Leadville Trail Marathon Weekend

Father's Day rock hunting
I love LTM weekend! Even though I wasn't racing its got to be one of my favorite weekends of the year. Typically its our first weekend in the big mountains and marks the real beginning of the season. This weekend I witnessed a lot of extraordinary efforts by ordinary people. These are the ones that inspire me the most. Sure its awesome to watch the Jim Walmsley's and Killian Jornet's of the world, but to watch the people just like you challenge themselves, set goals and crush them...that's what's really fun  to watch. I don't know what it is about Leadville, not everyone likes the race series and that's fine. But there's something about these races that gets me. Leadville doesn't pretend they're something they're not. These are big races by trail race standards, yet somehow you really do feel a part of the Leadville family when you're standing there. There's an energy, an electricity that most races I've been to don't have. Its an energy that makes you want to be a part of it, that makes you want to keep coming back.

So this weekend I pushed the boys in the Beast through a packed swarm of runners making sure to give well wishes to everyone I knew before the national anthem started. And before I knew it I was basically alone in the street with the boys watching the last of the runners head up into the hills.

Photo: Elizabeth; Elizabeth and I pre-race
I had given Dan and Elizabeth some rough goal times for getting to AS B so after a rough Safeway trip, quick diaper change at the camper we picked up Ben and headed for B. Literally making it with just enough time for me to race a tube of Aquaphor up to one of Ben's friends, because let's be honest as a runner with a diaper bag you can be sure I will have something for just about any ailment a passing runner might have. As I was racing back down Dan was cresting the turn onto the road, right on time and looking great! Honestly better than I expected as I knew he hadn't gotten in the best training and had no idea how his day would go. We had just enough time to get up to the actual AS, soak ourselves in a puddle when Elizabeth came through. Exactly on the time I had given her. Ben and I gave her a few instructions for the climb, got her food and fluids and sent her on her way. It was an insanely windy day and I knew all the runners were in for a treat on the climb up Mosquito. The boys were absolutely done with the wind and knowing I couldn't keep them occupied and settled for 45 min or so until Dan came back down we had to get back to camp.

Dan pre-race
After naps, and waking James up from his so we could get to the finish to pick Dan up...I was pretty sure there was no way we were going to make it to the finish in time for him, but was hoping to catch Elizabeth...we finally made it back into town. As predicted Dan had finished and absolutely crushed it! I know he may have wanted to be faster, but with the minimal amount of training he had done he had thrown down a crazy good time! I think it was a course PR for him as well! Seriously impressive when your only long run is an 18 miler pacing someone on a relatively flat course.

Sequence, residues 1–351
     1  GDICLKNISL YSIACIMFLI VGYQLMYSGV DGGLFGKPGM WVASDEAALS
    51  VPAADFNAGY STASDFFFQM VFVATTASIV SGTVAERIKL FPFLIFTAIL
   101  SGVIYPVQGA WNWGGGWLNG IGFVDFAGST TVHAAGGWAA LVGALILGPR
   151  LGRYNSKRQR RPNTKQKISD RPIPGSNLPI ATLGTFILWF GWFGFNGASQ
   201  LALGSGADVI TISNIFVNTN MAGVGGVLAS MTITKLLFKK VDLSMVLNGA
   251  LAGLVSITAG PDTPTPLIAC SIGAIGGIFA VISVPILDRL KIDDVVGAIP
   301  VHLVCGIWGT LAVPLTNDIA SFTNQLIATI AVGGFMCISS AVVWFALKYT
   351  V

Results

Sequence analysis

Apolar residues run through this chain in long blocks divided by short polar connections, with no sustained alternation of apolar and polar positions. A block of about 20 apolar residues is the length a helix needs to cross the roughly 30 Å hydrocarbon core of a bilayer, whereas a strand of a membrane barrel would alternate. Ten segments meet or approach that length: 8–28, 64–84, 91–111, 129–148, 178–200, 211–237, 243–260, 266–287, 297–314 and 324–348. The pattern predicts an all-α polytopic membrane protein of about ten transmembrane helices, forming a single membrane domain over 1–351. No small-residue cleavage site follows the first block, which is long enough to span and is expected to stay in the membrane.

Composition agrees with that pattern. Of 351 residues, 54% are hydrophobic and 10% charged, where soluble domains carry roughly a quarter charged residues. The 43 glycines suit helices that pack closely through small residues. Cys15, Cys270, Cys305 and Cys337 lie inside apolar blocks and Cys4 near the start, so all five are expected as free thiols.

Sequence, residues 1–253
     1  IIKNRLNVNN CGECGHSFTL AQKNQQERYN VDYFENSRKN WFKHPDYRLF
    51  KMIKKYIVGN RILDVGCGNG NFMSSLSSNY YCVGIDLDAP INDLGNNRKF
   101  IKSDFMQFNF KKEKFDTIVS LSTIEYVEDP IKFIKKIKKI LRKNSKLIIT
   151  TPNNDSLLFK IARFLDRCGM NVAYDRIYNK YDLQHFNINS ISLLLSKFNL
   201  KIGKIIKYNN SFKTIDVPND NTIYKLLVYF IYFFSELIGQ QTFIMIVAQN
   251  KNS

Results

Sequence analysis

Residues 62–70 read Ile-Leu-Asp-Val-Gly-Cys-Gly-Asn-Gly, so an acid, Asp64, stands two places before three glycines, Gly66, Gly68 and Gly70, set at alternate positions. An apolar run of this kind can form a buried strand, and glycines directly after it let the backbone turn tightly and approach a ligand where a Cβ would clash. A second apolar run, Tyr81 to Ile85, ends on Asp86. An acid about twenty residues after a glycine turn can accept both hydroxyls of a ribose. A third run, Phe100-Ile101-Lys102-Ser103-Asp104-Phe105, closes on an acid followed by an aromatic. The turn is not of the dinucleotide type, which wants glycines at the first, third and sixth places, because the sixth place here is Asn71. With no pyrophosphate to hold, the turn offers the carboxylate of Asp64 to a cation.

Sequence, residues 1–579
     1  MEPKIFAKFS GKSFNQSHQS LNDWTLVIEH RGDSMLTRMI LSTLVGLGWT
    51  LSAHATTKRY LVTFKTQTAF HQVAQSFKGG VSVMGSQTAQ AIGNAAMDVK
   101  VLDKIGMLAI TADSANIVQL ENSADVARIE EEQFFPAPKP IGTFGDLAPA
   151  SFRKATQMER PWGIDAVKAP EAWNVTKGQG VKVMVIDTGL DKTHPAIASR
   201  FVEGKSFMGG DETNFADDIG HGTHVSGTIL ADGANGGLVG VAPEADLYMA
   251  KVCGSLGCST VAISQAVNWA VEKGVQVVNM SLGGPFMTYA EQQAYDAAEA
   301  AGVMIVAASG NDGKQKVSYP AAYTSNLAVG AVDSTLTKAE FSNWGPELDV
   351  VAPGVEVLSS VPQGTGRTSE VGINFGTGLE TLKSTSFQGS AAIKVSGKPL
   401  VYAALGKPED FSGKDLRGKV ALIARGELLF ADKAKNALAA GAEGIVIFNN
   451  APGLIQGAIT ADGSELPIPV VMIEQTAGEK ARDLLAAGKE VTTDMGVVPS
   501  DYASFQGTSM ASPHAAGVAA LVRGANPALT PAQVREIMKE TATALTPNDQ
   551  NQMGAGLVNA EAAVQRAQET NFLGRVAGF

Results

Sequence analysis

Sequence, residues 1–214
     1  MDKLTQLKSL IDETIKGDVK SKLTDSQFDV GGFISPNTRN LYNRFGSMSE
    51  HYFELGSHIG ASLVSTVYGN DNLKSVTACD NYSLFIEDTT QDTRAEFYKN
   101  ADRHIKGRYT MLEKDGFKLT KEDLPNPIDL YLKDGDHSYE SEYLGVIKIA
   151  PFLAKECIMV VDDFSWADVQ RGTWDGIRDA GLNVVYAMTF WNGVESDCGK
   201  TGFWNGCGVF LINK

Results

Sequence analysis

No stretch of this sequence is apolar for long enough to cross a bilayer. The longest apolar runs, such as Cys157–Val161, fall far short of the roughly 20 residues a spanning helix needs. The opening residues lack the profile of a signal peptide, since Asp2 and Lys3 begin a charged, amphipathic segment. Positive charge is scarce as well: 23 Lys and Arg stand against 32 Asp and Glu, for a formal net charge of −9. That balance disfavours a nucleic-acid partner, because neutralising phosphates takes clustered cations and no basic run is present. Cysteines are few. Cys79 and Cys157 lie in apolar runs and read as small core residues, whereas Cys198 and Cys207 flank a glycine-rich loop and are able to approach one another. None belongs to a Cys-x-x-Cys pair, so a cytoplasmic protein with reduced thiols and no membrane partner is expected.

I was keeping a close eye on my watch 6:25, 6:26...and finally found Bill and Peggy casually enjoying some beers. As calmly as I could I said you know I think Elizabeth should be finishing any minute. They kind of looked at me a bit shocked and I said I was racing up a couple blocks to see her come down. After an hour of not finding her I was beginning to panic...certain the only explanation was that I had pushed her to run to fast and she fell and was in a medic tent somewhere. Just then I turn around to see her and learn she had finished in 6:30 on the dot! A huge PR for her! I'm fairly certain going into that race I believed...I knew she could run a 6:30 a hell of a lot more than she did. She thought I was crazy to say she should be shooting for sub-7. So when I casually mentioned...after a Rio marg...that I thought she really should be aiming for 6:30 I'm pretty sure she thought I had fallen off my rocker! Watching her take on this challenge, year after year, putting in the hard work to get here, doing it all at sea level on flat roads, and then pushing herself mentally to run faster and stronger than she thought she could...that's what Leadville is all about. That's where the magic is. That's the inspiration that sets the tone for the rest of the season. So a week into my RRR training I got to experience the magic and I know that's going to set the tone for a great race in a couple months. Sunday I got out onto the 100 course and found myself grinning ear to ear as I threw down some crazy fast miles. That's what this year is all about...every step with a smile!
puddle jumping

ice cream social at Sugarloafin'

swing fun

enjoying the views around Turquoise Lake

hill repeats up 'mini powerlines'


See ya soon Leadville!


  1. Hi Siobhan -- I like your writing; your tales from the trail; your family reflections are also inspiring. I just wanted to share a thought -- although at your level you are racing the clock, and other elite runners, in reality you are just running with the person you are that day. The clock doesn't tell you how well that person did. Other times you might have earned for that event and/or distance are times recorded by a different person -- younger, older, more or less tired or injured -- whoever you were on that other day and race. As an older runner (60+) all my old PRs are behind me...or not. Because I'm a different person than I was. Every run and race you complete is sui generis. We compare times because it's harder to compare feelings. That's what I like about your blog; you put your feelings out there. In the end that's all it's about.
    Nick L
    Nyon Switzerland


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